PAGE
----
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The Afghan War

The Afghanistan War is at the center of a debate over whether the conflict is “winnable,” or whether the United States and its allies would do better to end the war.

The conflict arose in response to the attacks of September 11, 2001 on the World Trade Center in New York City, the Pentagon, and a third failed attack apparently targeting the White House. These attacks, involving hijacked commercial airliners used as suicide attack vehicles, sparked outrage around the world. The U.S. was able to garner broad international support for an invasion of Afghanistan, in contrast to the situation it encountered when it invaded Iraq a few years later in 2003.

The invasion was justified on the grounds that it was necessary to root out al-Qaeda, and to replace the Taliban government, which was accused of providing support and safe haven to that terrorist group. So, on October 7, 2001, the United States and the United Kingdom launched Operation Enduring Freedom with the stated aim of eliminating al-Qaeda and its leader Osama bin Laden, and replacing the Taliban with a democratic government.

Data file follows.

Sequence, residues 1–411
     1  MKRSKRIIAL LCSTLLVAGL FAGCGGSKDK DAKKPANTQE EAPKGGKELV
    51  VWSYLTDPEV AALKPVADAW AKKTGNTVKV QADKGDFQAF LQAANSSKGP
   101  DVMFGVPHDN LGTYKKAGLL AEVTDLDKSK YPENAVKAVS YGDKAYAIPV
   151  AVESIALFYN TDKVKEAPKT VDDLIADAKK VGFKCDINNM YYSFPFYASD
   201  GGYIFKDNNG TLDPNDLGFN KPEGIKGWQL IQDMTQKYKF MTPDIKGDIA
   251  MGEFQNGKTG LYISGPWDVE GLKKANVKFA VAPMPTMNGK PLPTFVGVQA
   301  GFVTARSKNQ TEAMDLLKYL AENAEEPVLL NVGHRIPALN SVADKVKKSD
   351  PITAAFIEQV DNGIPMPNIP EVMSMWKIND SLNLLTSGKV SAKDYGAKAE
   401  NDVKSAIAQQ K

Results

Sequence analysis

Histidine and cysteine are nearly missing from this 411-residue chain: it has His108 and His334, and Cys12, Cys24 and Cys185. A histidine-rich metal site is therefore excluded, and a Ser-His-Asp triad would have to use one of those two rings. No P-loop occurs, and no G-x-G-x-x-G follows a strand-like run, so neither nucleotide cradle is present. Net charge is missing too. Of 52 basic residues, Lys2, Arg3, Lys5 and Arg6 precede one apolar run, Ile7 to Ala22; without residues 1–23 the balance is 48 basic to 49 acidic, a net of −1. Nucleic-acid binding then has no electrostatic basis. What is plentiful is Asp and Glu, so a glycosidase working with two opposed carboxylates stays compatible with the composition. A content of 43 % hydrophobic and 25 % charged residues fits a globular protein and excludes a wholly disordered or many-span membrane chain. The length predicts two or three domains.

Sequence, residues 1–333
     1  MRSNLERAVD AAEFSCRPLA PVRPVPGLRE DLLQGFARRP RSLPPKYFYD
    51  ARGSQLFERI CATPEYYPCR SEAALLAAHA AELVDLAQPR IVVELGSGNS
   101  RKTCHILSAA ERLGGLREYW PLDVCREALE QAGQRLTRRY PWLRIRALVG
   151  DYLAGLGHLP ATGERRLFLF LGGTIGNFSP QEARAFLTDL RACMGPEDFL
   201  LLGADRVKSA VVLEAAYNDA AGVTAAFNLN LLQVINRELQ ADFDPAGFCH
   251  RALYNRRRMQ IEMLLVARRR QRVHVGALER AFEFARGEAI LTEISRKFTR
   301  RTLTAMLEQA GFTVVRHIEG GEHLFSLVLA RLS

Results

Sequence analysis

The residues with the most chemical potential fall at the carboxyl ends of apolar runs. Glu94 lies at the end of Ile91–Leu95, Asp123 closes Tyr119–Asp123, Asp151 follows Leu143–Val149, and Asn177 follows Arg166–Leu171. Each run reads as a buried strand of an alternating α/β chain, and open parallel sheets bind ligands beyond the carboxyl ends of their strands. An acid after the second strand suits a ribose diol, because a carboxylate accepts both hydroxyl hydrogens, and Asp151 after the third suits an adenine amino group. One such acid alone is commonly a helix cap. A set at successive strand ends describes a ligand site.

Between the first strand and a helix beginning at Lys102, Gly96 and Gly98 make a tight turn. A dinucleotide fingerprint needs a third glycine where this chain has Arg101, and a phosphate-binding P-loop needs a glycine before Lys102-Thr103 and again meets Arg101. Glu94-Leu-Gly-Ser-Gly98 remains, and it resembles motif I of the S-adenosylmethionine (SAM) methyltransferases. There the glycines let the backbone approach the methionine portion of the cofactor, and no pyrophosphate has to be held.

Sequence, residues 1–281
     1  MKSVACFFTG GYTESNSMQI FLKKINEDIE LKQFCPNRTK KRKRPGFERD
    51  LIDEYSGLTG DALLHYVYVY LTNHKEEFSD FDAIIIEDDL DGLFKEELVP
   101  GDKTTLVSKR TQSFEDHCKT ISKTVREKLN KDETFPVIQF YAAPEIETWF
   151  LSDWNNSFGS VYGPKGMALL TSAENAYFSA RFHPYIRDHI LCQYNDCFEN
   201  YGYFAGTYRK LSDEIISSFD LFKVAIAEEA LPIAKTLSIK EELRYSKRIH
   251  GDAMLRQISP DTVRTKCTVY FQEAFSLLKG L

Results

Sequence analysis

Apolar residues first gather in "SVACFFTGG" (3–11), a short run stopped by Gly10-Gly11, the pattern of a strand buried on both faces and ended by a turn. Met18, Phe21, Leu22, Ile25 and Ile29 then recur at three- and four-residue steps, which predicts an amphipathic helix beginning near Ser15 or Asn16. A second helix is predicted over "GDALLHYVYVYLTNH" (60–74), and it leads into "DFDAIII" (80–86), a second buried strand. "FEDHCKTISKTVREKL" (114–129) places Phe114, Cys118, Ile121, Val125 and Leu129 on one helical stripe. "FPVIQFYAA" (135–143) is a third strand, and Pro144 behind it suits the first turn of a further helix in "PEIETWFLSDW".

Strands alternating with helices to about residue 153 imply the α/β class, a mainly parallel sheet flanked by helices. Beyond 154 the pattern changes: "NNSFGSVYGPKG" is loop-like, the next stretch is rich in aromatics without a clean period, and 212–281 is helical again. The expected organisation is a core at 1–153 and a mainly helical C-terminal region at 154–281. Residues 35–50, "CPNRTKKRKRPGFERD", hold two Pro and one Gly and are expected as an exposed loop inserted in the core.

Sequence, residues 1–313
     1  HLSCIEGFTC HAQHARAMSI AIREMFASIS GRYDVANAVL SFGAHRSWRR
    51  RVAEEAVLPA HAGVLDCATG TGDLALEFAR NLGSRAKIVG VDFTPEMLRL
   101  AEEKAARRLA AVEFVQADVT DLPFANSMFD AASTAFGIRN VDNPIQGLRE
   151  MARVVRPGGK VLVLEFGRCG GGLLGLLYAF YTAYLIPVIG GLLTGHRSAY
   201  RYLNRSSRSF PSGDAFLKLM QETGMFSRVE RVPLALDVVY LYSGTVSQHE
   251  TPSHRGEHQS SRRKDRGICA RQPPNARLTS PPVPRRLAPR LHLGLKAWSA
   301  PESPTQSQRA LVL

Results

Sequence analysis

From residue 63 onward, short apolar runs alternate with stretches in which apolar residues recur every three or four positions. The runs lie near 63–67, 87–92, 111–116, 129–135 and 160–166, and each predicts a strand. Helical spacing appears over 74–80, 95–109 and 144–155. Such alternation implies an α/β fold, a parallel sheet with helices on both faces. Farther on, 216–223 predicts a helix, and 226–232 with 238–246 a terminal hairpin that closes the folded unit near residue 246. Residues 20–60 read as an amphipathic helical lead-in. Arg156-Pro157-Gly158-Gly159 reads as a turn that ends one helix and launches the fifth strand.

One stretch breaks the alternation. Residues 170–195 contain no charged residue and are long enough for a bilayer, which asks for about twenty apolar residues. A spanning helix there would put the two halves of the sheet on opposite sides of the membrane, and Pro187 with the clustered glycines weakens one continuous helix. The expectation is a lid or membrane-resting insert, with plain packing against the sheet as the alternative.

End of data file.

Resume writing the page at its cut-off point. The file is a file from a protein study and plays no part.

Initially, the invasion was a complete military success. The Taliban with its antiquated military equipment was unable to engage in open battles with modern U.S. and U.K. forces supported by advanced combat aircraft. The Taliban was removed and a second military operation known as International Security Assistance Force (ISAF) was established that brought NATO forces into the conflict.

However, the invading forces were not able to eliminate Osama bin Laden and his al-Qaeda network in Afghanistan. And although they were able to oust the Taliban regime, the organization was able to regroup and launch an insurgency against the post-Taliban, Western-supported Afghan government.

After eight years of war, the situation in Afghanistan had not been resolved, and instead is in a process of steady deterioration when looked at from the standpoint of the NATO operation. A close study of the factors influencing the war in Afghanistan reveal that the United States and its allies cannot achieve their stated goals in the country, and thus, they should cut their losses and end the war. In order to understand this reasoning, we should start by looking at the history of relatively recent wars in Afghanistan starting with the British conflict in the 19th century.

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